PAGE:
With the change in the weather, I begin to make different things. Yeast products come to the top of the list since we have not enjoyed homemade anything since the weather warmed up. In the summer it is just too warm to crank up the oven to bake biscuits or bread.
This morning I decided to make Grandma Swanson's rolls. I have several recipes for rolls but I like this recipe the best. It is simple and straightforward. I learned to make these rolls by watching my mother-in-law make them. I learn best when I can observe what is going on and write my own notes as to what needs to be done.
One day when she was going to make rolls I asked if I could watch her. As she dumped and stirred with ease I wrote down some hints that I picked up by watching. A few days later I took my hints along with her recipe and made my first batch of biscuits. The rest is history. The ultimate compliment from my husband was when he told me my rolls were as good as his mother's!
Now, these are not really what most people refer to as biscuits, but that is what my husband and father-in-law called them. They are a type of sweet roll that is not too sweet. When grandpa was having trouble eating while he was in the hospital, I took him a few homemade biscuits. He had no trouble getting those down!
I have been making this recipe ever since. There is something about the smell of yeast. Maybe it is because when I smell it I know either bread or rolls will soon be out of the oven. There is absolutely nothing as good as bread fresh out of the oven slathered with butter. Yes, folks, it must be real butter.
This morning as I mixed and stirred I thought of my mother-in-law. She is long gone, but her recipe lives on. I included it in my cookbook because it is one of my favorite things to bake. Each of my girls has the recipe in her personal cookbook that I made when they married. Many times I send the girls back to look in their personal cookbooks with the family recipes that I collected.
It is hard to tell someone how to make the yeast recipes because there are many variables. The amount of flour depends on the size of the eggs. It can even depend on the weather. I know by the feel of the dough when it is ready. It cannot be sticky or it does not work.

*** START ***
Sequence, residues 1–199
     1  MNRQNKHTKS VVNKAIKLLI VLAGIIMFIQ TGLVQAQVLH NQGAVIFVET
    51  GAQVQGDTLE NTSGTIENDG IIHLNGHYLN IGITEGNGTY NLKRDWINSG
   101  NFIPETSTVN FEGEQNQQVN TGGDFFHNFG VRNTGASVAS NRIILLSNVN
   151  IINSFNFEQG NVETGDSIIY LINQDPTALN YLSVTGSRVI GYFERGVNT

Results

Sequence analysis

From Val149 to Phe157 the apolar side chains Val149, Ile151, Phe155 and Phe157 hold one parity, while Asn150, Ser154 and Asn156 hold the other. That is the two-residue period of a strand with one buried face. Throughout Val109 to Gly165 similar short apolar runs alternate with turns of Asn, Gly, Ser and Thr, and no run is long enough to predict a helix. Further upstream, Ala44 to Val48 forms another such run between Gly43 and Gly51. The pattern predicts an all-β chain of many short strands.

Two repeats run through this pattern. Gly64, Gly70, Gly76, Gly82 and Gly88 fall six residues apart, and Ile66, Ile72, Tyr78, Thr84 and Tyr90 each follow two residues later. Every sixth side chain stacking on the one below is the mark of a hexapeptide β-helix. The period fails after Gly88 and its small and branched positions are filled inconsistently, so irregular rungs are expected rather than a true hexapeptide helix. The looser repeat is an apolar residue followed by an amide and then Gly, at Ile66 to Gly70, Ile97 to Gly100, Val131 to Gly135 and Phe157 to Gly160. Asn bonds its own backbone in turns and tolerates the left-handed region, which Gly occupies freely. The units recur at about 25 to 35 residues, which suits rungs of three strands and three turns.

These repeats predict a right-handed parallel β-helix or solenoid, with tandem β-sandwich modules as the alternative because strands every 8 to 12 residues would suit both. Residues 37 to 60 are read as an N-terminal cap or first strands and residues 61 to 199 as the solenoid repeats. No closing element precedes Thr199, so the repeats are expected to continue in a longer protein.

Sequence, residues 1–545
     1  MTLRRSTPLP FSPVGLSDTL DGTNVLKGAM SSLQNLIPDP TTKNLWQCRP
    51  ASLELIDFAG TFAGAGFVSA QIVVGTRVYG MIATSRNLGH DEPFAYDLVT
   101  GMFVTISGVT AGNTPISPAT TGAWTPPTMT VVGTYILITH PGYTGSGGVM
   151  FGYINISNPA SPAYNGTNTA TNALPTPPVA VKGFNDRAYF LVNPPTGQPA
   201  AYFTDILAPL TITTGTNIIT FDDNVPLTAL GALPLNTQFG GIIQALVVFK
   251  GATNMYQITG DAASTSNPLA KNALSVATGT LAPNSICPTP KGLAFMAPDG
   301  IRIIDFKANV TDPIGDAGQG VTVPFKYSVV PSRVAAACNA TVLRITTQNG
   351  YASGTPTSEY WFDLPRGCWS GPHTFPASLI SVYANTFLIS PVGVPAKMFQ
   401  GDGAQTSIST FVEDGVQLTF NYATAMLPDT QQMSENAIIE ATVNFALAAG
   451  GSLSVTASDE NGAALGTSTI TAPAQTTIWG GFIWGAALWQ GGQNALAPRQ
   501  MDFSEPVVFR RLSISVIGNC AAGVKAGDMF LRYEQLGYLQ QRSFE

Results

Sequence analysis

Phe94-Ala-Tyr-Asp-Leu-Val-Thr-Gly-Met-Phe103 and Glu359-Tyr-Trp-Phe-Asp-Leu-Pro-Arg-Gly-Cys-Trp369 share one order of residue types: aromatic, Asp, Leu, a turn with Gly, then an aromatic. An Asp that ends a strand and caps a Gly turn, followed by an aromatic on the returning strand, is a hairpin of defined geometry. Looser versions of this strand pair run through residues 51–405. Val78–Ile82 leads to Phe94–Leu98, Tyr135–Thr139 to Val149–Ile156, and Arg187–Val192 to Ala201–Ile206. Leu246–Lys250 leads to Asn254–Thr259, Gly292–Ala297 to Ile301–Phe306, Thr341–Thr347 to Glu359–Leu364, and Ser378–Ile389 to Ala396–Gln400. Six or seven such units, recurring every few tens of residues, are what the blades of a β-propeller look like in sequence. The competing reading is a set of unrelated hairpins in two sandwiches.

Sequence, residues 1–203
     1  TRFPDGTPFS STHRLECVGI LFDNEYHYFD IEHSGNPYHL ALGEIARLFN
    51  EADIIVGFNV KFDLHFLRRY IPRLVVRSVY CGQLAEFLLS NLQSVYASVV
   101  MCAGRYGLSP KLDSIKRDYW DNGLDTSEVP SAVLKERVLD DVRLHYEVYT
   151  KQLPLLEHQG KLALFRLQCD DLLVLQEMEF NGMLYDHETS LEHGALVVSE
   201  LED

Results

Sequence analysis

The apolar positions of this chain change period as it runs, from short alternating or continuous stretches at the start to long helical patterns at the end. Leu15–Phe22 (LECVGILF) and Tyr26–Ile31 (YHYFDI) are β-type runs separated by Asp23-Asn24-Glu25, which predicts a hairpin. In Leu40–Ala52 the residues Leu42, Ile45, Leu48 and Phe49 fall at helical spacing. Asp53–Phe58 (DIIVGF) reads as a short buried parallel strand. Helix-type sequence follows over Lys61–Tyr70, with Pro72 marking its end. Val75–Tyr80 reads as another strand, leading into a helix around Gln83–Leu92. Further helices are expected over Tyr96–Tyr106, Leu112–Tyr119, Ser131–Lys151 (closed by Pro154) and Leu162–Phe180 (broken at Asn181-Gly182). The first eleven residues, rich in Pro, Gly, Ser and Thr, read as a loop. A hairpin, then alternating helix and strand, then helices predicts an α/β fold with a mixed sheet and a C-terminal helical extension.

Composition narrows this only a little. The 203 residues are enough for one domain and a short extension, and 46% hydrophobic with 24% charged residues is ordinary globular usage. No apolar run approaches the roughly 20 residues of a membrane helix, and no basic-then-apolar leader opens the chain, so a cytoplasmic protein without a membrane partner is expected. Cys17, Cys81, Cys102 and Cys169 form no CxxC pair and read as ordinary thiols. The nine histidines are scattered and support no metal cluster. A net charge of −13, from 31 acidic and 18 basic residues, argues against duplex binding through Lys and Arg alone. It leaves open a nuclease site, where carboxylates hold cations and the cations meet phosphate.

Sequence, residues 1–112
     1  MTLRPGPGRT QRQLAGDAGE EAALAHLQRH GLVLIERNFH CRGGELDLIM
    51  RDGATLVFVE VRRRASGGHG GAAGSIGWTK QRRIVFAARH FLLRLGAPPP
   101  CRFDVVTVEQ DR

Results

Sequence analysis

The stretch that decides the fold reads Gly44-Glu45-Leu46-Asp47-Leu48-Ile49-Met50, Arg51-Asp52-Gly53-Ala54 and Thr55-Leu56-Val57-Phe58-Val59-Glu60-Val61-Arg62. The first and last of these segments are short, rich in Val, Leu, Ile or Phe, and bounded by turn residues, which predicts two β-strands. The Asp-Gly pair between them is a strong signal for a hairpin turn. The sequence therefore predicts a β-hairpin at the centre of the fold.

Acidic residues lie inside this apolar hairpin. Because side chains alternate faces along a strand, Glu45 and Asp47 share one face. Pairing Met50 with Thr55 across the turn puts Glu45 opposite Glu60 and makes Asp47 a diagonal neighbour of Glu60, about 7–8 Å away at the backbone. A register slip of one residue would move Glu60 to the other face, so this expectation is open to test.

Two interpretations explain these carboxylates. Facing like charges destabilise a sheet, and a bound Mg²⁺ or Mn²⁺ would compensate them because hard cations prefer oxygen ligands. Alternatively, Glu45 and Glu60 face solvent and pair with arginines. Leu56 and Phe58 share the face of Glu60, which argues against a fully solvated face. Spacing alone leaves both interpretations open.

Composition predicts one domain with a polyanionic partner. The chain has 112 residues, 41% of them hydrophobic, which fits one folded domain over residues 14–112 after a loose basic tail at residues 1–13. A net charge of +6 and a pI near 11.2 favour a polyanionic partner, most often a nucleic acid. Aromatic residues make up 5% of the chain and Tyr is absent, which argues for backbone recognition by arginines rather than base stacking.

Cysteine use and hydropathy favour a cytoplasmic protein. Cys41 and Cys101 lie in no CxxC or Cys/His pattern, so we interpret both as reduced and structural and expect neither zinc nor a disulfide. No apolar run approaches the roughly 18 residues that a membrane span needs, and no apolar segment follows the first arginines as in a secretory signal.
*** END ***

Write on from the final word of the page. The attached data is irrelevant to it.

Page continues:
These rolls also reminded me of my grandmother. She made rolls and coffeecakes, but I think she used a box of dough mix instead of working from scratch. When I picture homemade rolls I picture two kinds. Grandma made some of her rolls in muffin pans. After they baked she dipped the top of each roll in butter then sugar. Sometimes she rolled out the dough putting butter, sugar, and cinnamon inside. Those she rolled up and sliced. Her coffeecakes had a wonderful cinnamon sugar topping. When I think of Grandma Swanson's rolls I picture twists dipped in cinnamon sugar.
Making anything that includes yeast calls for time. You mix the dough, set it aside to raise, then, punch it down, and form your rolls. The rolls also have to rise before they can be baked. The whole process takes the better part of the morning to accomplish.
As I write my rolls are setting in the oven raising. I set the timer so that time would not get away from me. When the timer goes off it is time to punch the dough down and form my rolls. I think I will make the twists dipped in cinnamon sugar since that is what my children remember the best.
The homemade rolls are my treat for my grown-up children. The grandchildren will get some candy. Usually they all come here last so they can unmask and enjoy a snack of cheese and crackers. Tonight they will have homemade rolls.
My ever inquisitive mind wondered about the origin of yeast. I found out that it is classified as fungi and has been used for thousands of years. During fermentation, taking the sugar and transforming it into carbon dioxide, it creates bubbles that make things rise and carbonate.
The word "yeast" comes from the Old English word gist. It combines with the Indo-European root word yes, meaning to boil, foam or bubble.
Archaeologists digging through ruins in Egypt found grinding stones and baking chambers for yeasted bread that are estimated to be at least 4000 years old.
I came across a name that rang a bell, but I could not remember what the man did. A Dutch scientist, Anton van Leeuwenhoek, was the first person to microscopically observe yeast. It was French microbiologist Louis Pasteur who proved that yeast was a living organism.
This morning I used a very old technique to make the biscuits rise. Without the addition of yeast my rolls would have been flat, hard, and not very palatable. I am so glad someone discovered yeast!
Ann Swanson writes from her home in Russell, PA. Contact at email@example.com